This is the latest column in Humanitie. This time, Tim at the Friendly Humanist and I tackle positive discrimination and come to fairly different conclusions. Be sure to read this side by side with Tim’s column.
When I was at school, one of the things we did in Spanish class was to take a newspaper article on a subject, split the class and debate over its content. One day, the article was on Zapatero appointing equal numbers of men and women to his Cabinet, and I was supposed to argue against it. “Bloody brilliant,” I remember thinking, “how the hell am I supposed to argue against equal representation for women in government? That’s like arguing in favour of apartheid!”
I was about to bite the bullet and falsely take the machista line, all too familiar in an all-boys Catholic school, when I looked at the accompanying photograph and suddenly it hit me. (An idea, not the photograph.) Why are they making such a big deal out of this? Why does it matter how many women are on the Cabinet? If we’re going to insist that the government represents the demographic from which it gains its legitimacy, then are we also going to select people based on religious belief? Race? Disability? Age? Class? Left-handedness? I understand 1 in 18 people have a third nipple… The whole point of the equality movement is that race, sex, disability and all that shouldn’t matter, and yet this positive discrimination malarkey is shining a huge light on each feature and saying “Look! Women in government! Big deal! Big deal!”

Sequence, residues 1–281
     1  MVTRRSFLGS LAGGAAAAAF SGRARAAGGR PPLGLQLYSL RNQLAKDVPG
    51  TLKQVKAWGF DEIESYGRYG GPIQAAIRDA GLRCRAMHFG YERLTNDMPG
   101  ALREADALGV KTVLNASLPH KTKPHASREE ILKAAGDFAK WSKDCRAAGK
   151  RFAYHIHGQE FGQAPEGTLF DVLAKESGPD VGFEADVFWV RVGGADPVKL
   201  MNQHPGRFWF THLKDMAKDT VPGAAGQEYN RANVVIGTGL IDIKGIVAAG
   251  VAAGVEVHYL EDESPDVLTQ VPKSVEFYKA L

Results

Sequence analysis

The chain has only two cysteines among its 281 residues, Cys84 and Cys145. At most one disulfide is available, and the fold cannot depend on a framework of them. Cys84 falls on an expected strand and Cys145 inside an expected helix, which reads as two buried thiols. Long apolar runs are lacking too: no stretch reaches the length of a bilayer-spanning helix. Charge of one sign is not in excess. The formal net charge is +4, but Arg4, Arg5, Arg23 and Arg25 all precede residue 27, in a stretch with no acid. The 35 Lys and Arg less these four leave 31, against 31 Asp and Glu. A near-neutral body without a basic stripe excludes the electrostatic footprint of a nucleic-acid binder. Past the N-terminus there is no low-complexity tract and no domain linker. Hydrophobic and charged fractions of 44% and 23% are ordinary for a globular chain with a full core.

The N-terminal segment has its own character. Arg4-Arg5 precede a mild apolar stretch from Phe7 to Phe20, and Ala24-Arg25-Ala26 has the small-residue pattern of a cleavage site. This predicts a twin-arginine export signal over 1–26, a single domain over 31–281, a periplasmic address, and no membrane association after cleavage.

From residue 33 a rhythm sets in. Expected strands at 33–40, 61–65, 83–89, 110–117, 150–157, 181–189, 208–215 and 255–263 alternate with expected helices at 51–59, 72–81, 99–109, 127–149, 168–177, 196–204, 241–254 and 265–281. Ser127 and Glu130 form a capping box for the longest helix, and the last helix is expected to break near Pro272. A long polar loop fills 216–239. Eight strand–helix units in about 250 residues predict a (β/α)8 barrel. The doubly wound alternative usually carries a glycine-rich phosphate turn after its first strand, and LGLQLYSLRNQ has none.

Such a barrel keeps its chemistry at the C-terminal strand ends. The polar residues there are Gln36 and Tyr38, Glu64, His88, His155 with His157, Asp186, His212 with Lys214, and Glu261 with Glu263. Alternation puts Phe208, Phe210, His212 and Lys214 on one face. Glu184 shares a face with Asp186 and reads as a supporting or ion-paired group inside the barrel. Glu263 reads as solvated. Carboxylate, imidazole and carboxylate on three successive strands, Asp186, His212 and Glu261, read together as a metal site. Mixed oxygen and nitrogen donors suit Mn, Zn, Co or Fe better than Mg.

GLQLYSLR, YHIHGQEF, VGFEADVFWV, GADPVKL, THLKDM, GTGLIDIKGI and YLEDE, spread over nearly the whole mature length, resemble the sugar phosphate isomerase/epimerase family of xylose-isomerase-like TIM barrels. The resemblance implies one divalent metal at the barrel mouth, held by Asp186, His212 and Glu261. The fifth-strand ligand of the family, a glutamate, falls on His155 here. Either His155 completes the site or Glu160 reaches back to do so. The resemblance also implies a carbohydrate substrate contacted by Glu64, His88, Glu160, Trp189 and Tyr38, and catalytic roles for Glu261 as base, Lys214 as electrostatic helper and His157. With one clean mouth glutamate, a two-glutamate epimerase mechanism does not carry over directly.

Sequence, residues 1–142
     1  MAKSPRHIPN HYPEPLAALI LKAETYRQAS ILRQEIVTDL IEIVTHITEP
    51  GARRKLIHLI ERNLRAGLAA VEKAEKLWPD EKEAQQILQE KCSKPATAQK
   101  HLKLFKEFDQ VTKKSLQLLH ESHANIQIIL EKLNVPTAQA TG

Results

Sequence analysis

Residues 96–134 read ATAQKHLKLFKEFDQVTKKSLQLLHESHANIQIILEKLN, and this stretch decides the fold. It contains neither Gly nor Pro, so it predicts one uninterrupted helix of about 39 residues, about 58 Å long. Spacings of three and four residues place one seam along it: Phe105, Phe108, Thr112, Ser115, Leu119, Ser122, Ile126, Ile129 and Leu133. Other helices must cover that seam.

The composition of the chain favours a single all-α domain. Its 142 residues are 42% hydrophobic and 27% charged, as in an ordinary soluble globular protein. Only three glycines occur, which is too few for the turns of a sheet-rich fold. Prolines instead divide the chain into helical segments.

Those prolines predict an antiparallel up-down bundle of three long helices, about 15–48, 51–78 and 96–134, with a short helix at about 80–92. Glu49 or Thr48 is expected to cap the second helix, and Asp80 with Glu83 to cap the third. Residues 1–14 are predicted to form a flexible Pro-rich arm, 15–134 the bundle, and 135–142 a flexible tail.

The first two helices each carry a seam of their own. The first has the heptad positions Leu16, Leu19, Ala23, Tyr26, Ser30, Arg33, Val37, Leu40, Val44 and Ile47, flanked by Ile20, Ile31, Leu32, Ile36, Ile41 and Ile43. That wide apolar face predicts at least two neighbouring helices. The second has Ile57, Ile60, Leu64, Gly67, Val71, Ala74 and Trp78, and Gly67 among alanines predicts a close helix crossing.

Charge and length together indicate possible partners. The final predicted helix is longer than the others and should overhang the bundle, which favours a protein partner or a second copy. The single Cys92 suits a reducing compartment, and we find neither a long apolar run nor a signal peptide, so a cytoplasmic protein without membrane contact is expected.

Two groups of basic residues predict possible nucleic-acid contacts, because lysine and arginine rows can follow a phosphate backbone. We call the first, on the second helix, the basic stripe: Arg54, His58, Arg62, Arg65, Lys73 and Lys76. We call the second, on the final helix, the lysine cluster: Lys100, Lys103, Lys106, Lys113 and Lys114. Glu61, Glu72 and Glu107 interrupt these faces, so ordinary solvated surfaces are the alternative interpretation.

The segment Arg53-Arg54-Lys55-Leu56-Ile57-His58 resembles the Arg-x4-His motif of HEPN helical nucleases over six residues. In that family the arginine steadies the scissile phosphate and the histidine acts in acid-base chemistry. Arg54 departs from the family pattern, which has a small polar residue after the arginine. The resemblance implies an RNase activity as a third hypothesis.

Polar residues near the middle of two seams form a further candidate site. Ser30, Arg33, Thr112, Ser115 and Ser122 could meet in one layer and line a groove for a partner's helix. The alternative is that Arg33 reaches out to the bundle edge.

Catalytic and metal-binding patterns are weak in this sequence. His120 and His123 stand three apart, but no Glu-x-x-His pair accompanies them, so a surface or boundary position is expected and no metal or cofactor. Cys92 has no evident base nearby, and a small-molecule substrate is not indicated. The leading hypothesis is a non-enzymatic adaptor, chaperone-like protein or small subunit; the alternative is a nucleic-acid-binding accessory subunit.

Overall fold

Whatever happened to just hiring someone because they’re most suited to the job? Wouldn’t women (or any other disadvantaged person for that matter) rather get a job because they’re the best person for it, rather than because they fulfil a quota? I’d rather have a black, 50 year old blind woman who’s good at her job represent me in government than someone who shares some of my attributes but wouldn’t know a good law if it bit him on the arse. Now some affirmative action advocates are going to stop me here and explain that it’s not about passing over someone who is more suited, it’s only about discriminating when two candidates are equally suited. Equally suited? There’s no such thing! When you look at everything, attendance rates, references, qualifications, interview performance, experience, one candidate will always have the edge, and that’s who should get the job.
But the main reason I despise positive discrimination is that it’s the easy way out. Without it, we’d have a lot of work to do improving access to education, facilitating social mobility and changing hearts and minds so that earlier down the line negative discrimination won’t have had an effect, and there won’t be any need for positive discrimination to make things right at the end stage. As it is, positive discrimination just puts a blanket over all the background work that needs to be done, tweaking the numbers at the end to make it look like everything’s ok, because the alternative would take a lot of time and a bit of effort. I want equal opportunities, not just equal numbers.